Great movie but where are the deleted scenes?
dma333x2 | 07/13/2001
(4 out of 5 stars)
"It's great to finally have this movie on video in the widescreen format. However, I am disappointed that the deleted scenes which were advertised here and on MGM's official website are not on this DVD. It would have been nice to view them but I guess MGM decided not to release them at the last minute (perhaps a special edition DVD is in the works in the near future) or Coppola didn't allow MGM to release them. Perhaps he's planning to extend this film like he did with Apocalypse Now. Anyway, despite the missing deleted scenes, it's great to see this film again in its original aspect ratio with the theatrical trailer which ironically has brief moments of scenes that were deleted from the film."
Great music, acting, production
dma333x2 | Las Vegas, NV | 05/26/2002
(5 out of 5 stars)
"This is one of Coppola all time greats. A must for any jazz fan. The sound track is also a must have. Coppola put a lot into this production; unfortunally it was underrated and under appreciated and never got the credit it deserved."
LONNETTE MCKEE STEALS THE SHOW!!
Kenneth Kapel | Chicago,Il, USA | 05/29/2006
(5 out of 5 stars)
""THE COTTON CLUB" is one GREAT FILM!I loved everything about it,the cast,(even Richard Gere),the history of Harlem,the history of the rackets,the sets,the music,the dancing,but I especially LOVED the fantastic LONETTE MCKEE,who dominated every scene she appeared in.What beauty,what singing and dancing talent,what great emotional range of love,hurt,and tenderness she displayed, in this highly underrated(by the critics)motion picture.I cannot understand why she hasn't become a major star.Hollywood is notorius for it miss handling of actress,especially ladies of color and I guess Lonette is suffering the same fate as Lena Horne and Dorothy Dandridge,among others suffered,but that was over sixty years ago,you would have though that things would have changed.Bob Hoskins,Fred Gwynne,James Remar,Gregory Hines(as a hoofer and Lonettes' love interest),and Nick Cage are among the actors that add to the flavor of "THE COTTON CLUB".The GREAT GWEN VERDON has little more than a cameo as Geres and Cages mother.Diane Lane didn't do anything for me,but she wasn't bad as Dutch Schultzs' mistress,who falls in love with Dixie Dwyer(Gere).But this Lonettes' show and SHE STEALS IT!!"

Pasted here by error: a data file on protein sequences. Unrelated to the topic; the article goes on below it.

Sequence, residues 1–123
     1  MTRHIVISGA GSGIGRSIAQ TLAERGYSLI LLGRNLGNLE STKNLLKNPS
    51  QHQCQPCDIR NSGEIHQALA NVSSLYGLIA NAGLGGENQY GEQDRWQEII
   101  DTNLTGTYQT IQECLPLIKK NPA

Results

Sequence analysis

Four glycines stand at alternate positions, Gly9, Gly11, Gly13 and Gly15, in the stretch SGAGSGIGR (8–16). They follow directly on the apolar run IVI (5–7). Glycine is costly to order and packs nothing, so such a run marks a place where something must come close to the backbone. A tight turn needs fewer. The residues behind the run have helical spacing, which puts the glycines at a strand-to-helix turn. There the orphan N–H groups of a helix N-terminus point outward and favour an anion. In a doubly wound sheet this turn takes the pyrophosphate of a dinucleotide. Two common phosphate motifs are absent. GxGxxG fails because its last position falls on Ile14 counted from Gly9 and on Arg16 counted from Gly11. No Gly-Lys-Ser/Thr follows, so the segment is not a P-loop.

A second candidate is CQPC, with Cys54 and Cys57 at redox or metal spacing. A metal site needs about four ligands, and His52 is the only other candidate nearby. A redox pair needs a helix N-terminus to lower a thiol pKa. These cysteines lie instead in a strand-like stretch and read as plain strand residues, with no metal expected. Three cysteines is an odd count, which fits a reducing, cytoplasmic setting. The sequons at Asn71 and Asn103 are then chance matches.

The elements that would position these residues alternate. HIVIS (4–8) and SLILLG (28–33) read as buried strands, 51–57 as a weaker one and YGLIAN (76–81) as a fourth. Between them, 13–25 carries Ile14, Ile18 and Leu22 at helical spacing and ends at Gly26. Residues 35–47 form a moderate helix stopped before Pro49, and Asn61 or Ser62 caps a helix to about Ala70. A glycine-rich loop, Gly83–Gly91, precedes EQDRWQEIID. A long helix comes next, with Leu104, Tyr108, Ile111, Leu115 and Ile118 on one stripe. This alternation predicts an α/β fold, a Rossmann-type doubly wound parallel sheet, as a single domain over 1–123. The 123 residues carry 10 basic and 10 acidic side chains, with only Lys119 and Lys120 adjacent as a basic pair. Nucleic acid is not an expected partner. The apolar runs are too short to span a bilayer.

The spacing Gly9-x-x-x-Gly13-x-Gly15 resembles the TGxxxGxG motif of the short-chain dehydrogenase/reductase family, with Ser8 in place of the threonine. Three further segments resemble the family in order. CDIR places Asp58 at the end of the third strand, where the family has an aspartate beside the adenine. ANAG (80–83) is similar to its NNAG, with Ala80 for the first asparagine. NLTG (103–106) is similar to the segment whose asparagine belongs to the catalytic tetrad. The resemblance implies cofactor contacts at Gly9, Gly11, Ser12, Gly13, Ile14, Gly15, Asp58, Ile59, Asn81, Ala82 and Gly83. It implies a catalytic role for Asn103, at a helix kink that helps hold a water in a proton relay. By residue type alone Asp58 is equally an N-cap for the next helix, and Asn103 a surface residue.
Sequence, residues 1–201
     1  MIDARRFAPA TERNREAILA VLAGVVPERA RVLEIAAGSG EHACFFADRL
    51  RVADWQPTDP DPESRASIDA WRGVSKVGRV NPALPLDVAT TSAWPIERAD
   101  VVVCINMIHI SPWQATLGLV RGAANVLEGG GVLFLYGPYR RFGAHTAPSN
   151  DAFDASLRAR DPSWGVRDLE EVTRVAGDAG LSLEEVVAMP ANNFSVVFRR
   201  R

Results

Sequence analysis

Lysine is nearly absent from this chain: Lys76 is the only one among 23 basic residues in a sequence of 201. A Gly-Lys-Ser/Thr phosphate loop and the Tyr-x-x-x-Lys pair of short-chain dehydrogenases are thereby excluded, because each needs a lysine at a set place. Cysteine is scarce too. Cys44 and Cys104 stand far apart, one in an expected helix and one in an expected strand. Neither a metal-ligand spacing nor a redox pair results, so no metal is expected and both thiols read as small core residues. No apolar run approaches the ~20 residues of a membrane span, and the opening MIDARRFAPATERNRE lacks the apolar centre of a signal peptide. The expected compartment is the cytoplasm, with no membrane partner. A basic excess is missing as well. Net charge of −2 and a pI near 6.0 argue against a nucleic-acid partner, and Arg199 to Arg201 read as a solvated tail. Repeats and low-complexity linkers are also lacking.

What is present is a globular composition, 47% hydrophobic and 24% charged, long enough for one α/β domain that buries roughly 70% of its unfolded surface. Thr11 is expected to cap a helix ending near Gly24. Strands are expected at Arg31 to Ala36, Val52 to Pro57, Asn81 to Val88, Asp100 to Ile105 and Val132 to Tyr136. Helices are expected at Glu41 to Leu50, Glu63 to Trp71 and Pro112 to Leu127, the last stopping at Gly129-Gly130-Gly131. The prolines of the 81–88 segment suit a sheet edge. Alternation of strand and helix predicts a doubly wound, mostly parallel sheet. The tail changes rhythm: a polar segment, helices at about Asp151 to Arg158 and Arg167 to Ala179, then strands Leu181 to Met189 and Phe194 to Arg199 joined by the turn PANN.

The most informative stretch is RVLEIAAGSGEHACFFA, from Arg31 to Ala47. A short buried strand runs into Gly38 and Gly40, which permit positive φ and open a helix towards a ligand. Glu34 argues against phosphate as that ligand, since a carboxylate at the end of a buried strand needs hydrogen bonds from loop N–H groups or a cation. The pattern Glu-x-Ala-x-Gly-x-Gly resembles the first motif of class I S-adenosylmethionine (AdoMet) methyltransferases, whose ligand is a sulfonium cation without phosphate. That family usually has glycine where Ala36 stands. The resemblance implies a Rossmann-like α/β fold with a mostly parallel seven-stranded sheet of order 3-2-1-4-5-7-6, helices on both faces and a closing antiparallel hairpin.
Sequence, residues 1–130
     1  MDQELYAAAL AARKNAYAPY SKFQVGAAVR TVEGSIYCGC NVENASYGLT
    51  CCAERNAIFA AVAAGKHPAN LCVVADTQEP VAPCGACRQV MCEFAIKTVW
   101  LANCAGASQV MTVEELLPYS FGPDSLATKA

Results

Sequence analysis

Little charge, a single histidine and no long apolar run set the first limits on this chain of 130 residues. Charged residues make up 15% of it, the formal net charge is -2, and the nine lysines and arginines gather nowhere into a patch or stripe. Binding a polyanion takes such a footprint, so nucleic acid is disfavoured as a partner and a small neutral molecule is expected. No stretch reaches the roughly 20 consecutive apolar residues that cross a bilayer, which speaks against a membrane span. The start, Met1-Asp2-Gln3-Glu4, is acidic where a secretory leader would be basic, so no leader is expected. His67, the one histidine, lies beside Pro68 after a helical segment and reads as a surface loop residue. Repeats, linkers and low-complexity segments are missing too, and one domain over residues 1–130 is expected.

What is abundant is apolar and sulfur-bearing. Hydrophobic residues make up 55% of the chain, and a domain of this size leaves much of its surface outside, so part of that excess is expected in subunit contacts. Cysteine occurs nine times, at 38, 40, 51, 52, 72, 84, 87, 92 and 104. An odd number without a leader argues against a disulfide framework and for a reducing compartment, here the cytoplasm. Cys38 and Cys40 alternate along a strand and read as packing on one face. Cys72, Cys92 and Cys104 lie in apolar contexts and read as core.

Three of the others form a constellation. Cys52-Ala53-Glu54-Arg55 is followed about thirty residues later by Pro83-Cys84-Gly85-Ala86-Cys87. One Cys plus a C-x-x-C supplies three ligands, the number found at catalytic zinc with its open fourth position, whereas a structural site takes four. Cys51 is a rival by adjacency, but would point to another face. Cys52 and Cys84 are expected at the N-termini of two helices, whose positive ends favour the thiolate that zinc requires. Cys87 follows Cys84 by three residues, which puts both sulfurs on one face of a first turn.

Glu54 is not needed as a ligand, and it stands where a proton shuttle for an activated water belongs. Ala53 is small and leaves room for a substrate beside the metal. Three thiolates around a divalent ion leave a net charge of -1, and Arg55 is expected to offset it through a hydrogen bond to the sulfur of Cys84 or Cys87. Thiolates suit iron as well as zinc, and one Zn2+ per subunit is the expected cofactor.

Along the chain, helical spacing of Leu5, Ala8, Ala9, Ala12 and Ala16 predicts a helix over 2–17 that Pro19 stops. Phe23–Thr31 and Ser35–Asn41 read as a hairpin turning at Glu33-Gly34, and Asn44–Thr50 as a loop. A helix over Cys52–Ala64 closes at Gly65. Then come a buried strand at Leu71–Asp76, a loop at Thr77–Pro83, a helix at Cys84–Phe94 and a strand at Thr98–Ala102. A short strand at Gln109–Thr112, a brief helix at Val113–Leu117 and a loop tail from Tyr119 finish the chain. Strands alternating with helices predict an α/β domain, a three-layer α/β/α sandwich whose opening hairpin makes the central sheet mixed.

Wish i could have been to one of those shows!
xen | ashland, oregon United States | 05/21/2005
(5 out of 5 stars)
"za za za zoom! the music, the cast and the dancing... gregory hines is absolutely un-hooked in this film. his unbearably cool tap solo centerpiece is filmed so well it is simply stupendous. it is spliced with the gangsters violence and the contrast between the art and destruction is astounding. this movie is bliss if you love jazz, dance and great cinematography. what a superior treat!"